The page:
Sing, unburied, Sing is also very focused on intergenerational trauma in families, and how the past effects the present in everything a person does — how stories passed down through generations and beliefs form our identity, which includes our parent’s mistakes. This intergenerational trauma is personified in the form of literal ghosts — people that the characters in the story have carried with them for long after their tragic deaths. On page 51, Leonie says, “Three years ago, I did a line and saw Given for the first time” (Ward 51). The sentence in itself is striking and memorable, but the longer Given is around the more his presence feels like an unfriendly lingering. Leonie feels guilty and tormented by the way that’s she’s acted toward her family; marrying a family member of the people who murdered her brother and negelecting her children. This is at a stark contrast to the way ghosts present themselves to Jojo —
the ghost of Richie seems to want to help him, despite being there for his own self benefit. This represents Jojo’s innocence. While Jojo can see the ghosts of the past through the trauma of his family members, he’s not responsible for why they’re there. This personification intergeneration trauma also takes place when Pop finally tells Jojo about what really happened to Richie and how guilty he’s always felt about his death. “I washed my hands every day, Jojo.” Pop says, “But that damn blood ain’t never come out” (Ward 256). This is another wonderful line from Ward that clearly spotlights the lasting impression that horrible events have on people for the rest of their lives. By telling Jojo these stories, Pop is passing the events onto him, along with some of the pain. There’s nothing wrong with this, but it contributes to Jojo’s forming identity about himself and helps transition him from a child with innocence to someone with a more adult realization of the world around him.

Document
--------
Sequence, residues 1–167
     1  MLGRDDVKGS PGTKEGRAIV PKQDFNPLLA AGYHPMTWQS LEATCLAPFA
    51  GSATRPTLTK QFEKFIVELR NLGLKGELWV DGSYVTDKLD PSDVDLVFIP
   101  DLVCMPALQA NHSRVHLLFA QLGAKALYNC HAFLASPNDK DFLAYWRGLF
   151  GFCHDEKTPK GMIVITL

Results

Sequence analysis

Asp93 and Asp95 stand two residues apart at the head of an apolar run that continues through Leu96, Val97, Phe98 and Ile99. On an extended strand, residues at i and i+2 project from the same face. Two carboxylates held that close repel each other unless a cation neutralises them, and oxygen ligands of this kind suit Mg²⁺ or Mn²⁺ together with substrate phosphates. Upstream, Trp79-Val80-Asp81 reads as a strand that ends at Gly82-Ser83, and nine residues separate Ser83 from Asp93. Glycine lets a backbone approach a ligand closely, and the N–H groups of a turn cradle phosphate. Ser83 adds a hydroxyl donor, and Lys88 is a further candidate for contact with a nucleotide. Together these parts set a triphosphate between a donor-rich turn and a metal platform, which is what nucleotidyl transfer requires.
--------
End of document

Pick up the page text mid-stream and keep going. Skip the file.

Finally, Sing is most certainly a coming of age story focused around Jojo. His development into an adult and the shedding of childhood innocence is a well-established theme carried throughout the novel. The very first line of the novel establishes this well: “I like to think I know what death is. I like to think that it’s something I could look at straight” (Ward 1). Jojo continues to say that he doesn’t want Pop to “read my (his) slowness as fear, as weakness, as me not being old enough to look at death like a man should” (Ward 5). As a boy that’s recently turned thirteen, he’s looking to Pop to show him what it means to be a man and wants to prove himself. When he’s put in the car with his toddler sister, he then becomes the only man in the car and sees it as his job to protect Kayla. Yet, even though he does a good job at this, Richie points out on page 185 that Jojo is still young. “I know Jojo is innocent because I can read it in the unmarked swell of him: his smooth face, ripe with baby fat; his round stomach; his hands and feet soft as his younger sisters. He looks even younger when he falls asleep” (Ward 185). Ward then uses Richie’s character to identify the mental differences in what realizations people have that perhaps transition them into adulthood, like time, love, and the changing definition of home. By the end of the novel, the death of Jojo’s grandmother is used to make the final transition. Leonie picks up on this on page 271 saying, “Only Jojo’s eyes peer out, carrying some of the boy in them” (Ward 271). She realizes quickly that Jojo is no longer ignorant of her ways and intentions. “I’m a book and he can read every world. I know this. He sees me. He knows it all” (Ward 271). From that point on, Leonie and Michael make the choice to remove themselves from the picture of their children’s lives as much as they can, and Jojo comes to terms with his biological mother’s actions. While at the beginning of the novel he states that he doesn’t understand her, by the end he says that he does — which seems to mark him coming full circle (Ward 279).
Overall, I was pleasantly surprised by Sing, unburied, Sing. Ward takes a plot line that might not normally be very appealing and turns it into something deep and relatable. A simple family car ride becomes a story about trauma and complicated family relationships. If nothing else, readers should pick up this novel because of the beautiful language and purposeful messaging. The larger plot line is present and important, but the power of Ward’s writing is in her details and subtle messaging about life. No matter who you are, you’ll take something valuable away from this novel.